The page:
Needless to say, D’Amato and Salimbeti have received no formal training when it comes to the periods that they write about. Raffaele D’Amato is a lawyer, who has a PhD in Byzantine law, and one in Roman (!) military archaeology. Salimbeti works for the space programme. Still, they claim expertise in the field of Aegean warfare. An example of their hubris is that, in their Early Aegean Warrior book, they offer a “reconstruction” of an “Indo-European” warrior (pp. 24-25). If that doesn’t set off any alarm bells, I don’t know what will.

Sadly, the D’Amato and Salimbeti books have pushed out the one book that Osprey published on Mycenaean warfare that was actually good. It’s Nicolas Grguric’s The Mycenaeans, c. 1650-1100 BC (2005). Unfortunately, the book is no longer in print. If you can find it second hand, I would recommend you pick up a copy. It’s based on the only types of evidence we have for the Mycenaean Bronze Age: the material remains of weapons and armour, contemporary figurative evidence (e.g. frescoes and vase-paintings), and the Linear B tablets.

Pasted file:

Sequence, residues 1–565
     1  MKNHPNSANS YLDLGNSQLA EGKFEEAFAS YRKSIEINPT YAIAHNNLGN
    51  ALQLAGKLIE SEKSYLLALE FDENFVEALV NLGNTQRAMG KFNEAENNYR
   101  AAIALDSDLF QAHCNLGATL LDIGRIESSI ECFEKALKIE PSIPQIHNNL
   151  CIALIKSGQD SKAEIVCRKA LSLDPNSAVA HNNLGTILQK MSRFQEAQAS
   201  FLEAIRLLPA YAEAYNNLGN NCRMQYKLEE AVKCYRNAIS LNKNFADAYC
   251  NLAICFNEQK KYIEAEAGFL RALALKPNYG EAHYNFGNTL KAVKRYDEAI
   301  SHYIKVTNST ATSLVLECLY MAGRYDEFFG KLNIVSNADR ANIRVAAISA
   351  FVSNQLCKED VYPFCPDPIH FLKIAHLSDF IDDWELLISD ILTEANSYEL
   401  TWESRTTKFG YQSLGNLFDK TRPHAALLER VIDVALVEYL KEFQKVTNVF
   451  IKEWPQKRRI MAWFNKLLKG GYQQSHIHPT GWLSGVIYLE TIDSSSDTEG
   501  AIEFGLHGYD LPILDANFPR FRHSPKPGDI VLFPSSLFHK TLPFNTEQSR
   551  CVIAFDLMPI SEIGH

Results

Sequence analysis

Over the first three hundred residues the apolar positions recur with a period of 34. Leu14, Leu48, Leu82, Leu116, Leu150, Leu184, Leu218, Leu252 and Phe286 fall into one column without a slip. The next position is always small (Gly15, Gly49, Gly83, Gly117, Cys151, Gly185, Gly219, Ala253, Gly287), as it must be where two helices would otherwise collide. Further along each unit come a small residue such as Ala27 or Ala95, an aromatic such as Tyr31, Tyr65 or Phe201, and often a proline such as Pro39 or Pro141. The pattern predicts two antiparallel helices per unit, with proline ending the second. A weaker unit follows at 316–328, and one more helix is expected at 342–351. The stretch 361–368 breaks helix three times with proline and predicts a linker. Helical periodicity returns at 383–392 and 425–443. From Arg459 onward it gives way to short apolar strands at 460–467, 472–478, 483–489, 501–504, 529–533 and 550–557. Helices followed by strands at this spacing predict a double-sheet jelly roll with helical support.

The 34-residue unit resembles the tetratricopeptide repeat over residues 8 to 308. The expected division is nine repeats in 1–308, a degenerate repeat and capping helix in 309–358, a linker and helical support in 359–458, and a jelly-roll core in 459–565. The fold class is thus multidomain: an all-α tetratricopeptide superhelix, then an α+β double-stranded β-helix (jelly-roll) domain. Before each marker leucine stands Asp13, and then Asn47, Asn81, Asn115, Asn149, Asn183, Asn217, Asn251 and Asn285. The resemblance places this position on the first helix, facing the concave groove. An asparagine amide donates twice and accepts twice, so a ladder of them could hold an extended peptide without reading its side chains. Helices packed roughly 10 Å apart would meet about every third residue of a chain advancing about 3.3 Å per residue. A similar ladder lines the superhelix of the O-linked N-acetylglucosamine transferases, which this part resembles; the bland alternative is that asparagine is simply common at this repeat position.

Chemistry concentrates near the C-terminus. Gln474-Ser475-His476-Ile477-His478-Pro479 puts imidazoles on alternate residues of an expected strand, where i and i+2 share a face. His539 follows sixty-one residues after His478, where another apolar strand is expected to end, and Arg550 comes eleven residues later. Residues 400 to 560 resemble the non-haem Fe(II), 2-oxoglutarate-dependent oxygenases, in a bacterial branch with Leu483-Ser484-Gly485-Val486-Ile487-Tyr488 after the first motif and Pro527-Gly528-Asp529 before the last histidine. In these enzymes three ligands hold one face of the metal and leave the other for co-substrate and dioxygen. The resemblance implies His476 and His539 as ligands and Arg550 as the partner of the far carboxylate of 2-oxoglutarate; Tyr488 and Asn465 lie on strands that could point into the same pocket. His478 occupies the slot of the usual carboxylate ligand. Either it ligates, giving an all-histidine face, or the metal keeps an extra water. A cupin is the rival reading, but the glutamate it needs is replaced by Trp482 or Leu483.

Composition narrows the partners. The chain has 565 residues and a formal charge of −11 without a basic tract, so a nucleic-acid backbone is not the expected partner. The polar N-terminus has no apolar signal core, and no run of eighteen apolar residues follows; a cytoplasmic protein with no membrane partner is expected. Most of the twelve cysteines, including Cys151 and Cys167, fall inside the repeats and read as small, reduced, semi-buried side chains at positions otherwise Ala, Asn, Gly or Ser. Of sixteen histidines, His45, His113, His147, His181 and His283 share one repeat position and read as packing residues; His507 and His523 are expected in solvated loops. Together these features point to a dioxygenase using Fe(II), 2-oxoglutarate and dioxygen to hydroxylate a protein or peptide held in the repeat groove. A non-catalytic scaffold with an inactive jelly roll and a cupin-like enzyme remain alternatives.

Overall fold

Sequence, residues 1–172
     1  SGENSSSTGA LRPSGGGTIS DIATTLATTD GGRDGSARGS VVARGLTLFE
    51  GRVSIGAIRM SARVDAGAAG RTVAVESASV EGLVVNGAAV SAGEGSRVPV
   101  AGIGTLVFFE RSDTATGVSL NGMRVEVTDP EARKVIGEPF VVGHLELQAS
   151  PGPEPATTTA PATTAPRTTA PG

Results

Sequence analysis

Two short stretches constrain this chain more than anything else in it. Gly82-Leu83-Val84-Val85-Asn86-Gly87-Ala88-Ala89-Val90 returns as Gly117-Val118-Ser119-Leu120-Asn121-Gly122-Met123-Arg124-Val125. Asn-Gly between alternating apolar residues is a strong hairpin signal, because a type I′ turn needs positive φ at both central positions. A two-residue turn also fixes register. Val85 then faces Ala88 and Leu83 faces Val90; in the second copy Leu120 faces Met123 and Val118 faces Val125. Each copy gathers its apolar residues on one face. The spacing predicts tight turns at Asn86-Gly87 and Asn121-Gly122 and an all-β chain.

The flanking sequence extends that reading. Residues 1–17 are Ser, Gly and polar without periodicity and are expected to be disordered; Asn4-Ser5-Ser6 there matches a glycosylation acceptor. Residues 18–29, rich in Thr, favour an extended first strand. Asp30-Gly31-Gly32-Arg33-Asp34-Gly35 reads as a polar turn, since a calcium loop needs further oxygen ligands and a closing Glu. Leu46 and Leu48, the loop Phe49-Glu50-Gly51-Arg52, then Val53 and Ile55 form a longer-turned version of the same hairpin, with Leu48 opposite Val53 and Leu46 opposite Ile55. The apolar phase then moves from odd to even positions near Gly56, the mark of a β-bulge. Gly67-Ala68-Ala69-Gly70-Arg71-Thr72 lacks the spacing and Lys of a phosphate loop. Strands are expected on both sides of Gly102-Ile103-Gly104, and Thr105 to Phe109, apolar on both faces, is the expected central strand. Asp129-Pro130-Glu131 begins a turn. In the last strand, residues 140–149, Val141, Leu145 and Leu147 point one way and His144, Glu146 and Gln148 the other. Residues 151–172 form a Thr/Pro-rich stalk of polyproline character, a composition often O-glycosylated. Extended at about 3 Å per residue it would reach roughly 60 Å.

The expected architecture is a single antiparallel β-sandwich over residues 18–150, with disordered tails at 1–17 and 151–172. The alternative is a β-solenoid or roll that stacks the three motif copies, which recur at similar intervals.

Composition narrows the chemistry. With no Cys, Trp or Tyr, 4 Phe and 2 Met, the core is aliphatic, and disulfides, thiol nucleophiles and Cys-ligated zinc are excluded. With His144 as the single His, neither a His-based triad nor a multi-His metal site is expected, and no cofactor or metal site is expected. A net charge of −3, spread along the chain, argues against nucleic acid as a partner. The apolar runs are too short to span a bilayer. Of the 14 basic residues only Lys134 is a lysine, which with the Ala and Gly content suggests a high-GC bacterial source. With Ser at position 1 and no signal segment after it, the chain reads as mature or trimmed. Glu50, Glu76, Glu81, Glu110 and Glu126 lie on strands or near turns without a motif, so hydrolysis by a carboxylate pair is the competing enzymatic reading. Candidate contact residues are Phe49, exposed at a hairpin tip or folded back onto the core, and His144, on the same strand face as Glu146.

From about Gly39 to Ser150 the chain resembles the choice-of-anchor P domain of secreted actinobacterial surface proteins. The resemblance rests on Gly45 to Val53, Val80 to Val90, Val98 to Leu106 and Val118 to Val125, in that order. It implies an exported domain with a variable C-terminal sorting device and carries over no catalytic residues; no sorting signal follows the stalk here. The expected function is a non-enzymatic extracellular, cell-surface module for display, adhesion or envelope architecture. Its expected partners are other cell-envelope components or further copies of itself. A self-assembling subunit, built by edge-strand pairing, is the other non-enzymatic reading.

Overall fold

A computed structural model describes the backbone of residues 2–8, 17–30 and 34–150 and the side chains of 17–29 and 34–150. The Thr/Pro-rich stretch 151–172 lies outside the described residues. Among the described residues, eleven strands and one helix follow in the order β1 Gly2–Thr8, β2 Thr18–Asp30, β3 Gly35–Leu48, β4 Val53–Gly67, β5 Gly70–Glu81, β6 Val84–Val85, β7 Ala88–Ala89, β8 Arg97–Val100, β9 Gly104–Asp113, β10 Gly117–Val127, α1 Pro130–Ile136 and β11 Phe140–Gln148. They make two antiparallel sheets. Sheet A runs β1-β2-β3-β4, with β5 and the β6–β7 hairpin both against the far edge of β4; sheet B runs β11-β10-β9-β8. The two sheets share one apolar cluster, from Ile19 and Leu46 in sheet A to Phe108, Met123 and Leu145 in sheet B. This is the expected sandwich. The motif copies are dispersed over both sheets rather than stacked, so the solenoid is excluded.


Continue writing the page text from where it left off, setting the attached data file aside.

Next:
Lest my ire fall only on D’Amato and Salimbeti, I should also point out that there are a few others that also deserve blame. A prominent example is illustrator Christos Giannopoulos, whose illustrations of supposedly Mycenaean warriors are only partially based on the archaeological evidence, with perceived gaps filled in with nonsense culled from the Homeric epics, interpreted in the most literal fashion imaginable. A favourite of mine – if you can call it that! – is his reconstruction of a warrior in the Dendra panoply, leaning on a giant tower-shield that seems made out of solid bronze!

Looking for origins: Peter Connolly

What are these bad reconstructions of Mycenaean equipment based on? To my mind, all the bad ideas regarding Mycenaean warfare can be traced back to a single source. That source is the late, great Peter Connolly (1935-2012). It’s a pity that we have to drag him into this, since his work is leagues ahead of what I have discussed so far.

Connolly wrote and illustrated popular books such as The Ancient Greece of Odysseus, originally published in 1986 as The Legend of Odysseus. Connolly’s influence on the popular image of the Mycenaean Bronze Age cannot be overstated. If you Google for images on Mycenaean warriors, or indeed Homeric heroes, you’re likely to find quite a few scans from his books, too.

But the main difference between Peter Connolly and his mediocre would-be successors is that he is much more circumspect. Witness, for example, his discussion of helmets on pp. 19-20 in Odysseus: he prefaces it by noting that “Homer’s warriors seem to be a jumble of Mycenaean traditions padded out with details from the poet’s own day (c. 750 BC).”